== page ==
To meet the domestic fuel and bio-fertiliser needs, 3,680 biogas plants are planned to be set up in rural areas by June 2012, according to Pakistan Centre for Renewable Technologies.
The Centre says that over 2,100 family-size biogas plants — against the target of 2,500 — have already been set up throughout the country.
The programme, supported by NGOs, farmers’ bodies and the rural support programme netwok, is being implemented by Pakistan Biogas Development Enterprise.
The construction of 30,000 biogas installations planned for next four years will be funded by the four provinces including Khyber Pakhtunkhwa with an investment of Rs2.7 billion. A sum of Rs244 million will be disbursed as investment rebate support to households.
Often animal waste is usually not used productively. In Landhi alone, a suburb of Karachi city, around 0.35 million cattle heads are kept in a three kilometre area that produces thousands of tons of waste but 80-90 per cent of it is thrown into the sea. A Canadian firm Highmark Renewables and the KESC jointly intend to set up a biogas plant at a cost of around $70 million which would produce 30 megawatts of electricity besides 400 tons of residue bio-fertiliser.
The biogas plants will considerably decrease the domestic fuel cost. Moreover, biogas will contribute towards environment protection, sustenance of ecosystem and conservation of biodiversity.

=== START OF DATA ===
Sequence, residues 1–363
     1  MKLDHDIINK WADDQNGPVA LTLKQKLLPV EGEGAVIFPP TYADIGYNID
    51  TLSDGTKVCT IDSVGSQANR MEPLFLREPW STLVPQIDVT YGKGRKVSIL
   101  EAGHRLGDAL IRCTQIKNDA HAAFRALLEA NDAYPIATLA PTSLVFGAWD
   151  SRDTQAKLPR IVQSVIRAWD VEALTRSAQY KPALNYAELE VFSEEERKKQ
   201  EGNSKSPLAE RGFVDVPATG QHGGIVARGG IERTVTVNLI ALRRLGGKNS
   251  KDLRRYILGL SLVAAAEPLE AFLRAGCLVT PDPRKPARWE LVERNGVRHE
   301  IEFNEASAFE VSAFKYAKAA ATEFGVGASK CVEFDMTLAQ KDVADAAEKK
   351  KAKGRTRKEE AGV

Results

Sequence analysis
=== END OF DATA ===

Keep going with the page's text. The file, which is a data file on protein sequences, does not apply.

According to PCRT gas produced in a small bio-digester which contains about 20 kg dung should be enough to meet the fuel needs of a small family. A bio-digester for any number of animals can be designed. However, the plant must be water/gas-tight and enough manure and water should be added to it every day.
Biogas plants are fairly popular worldwide. There are almost two million biogas plants in India and the facilities have been built even in the United Kingdom and the US through official patronage. Around 89 such plants in the US are consuming 13 per cent or 95,000 tons of waste to produce about 25,000 megawatt of electricity that is sufficient for 2.3 million households.’
There is a huge potential for production of biogas in the country. There are currently around 47 million big animals in Pakistan. Even if 50 per cent of their drop is collected, availability of fresh dung comes to 233 million kg a day that can produce around 12 million cubic meters of biogas per day. The fuel requirement of over 20 per cent of the population could be met only from biogas. It will also produce 19 million tons of bio-fertiliser per year.
Around 70 per cent of population in Khyber Pukhtunkhwa lives in rural areas. Most farmers have two or more cattle head whose dung mixed with an equal quantity of water can be used to produce biogas. Any farmer having at least three animals can set up this plant with a one-time investment of Rs40,000 —50,000.
If individual farmers cannot afford the cost, a few families with domestic animals could jointly install such a plant in their neighbourhood. And by selling the gas to families that do not contribute manure for having no animals, the maintenance expenditure, if any, could be financed with this money.
Over 4,000 biogas plants were installed between 1974 and 1987. But with the withdrawal of official financial support, the pace was slowed down and since then only 6,000 plants were installed till 2006. Firewood, dung and crop residues are major sources of energy for rural and low-income urban households. In 1992, firewood provided fuel to about 60 per cent such households followed by dung in dry form at around 18 per cent. To save deforestation, biogas gas is a viable alternative.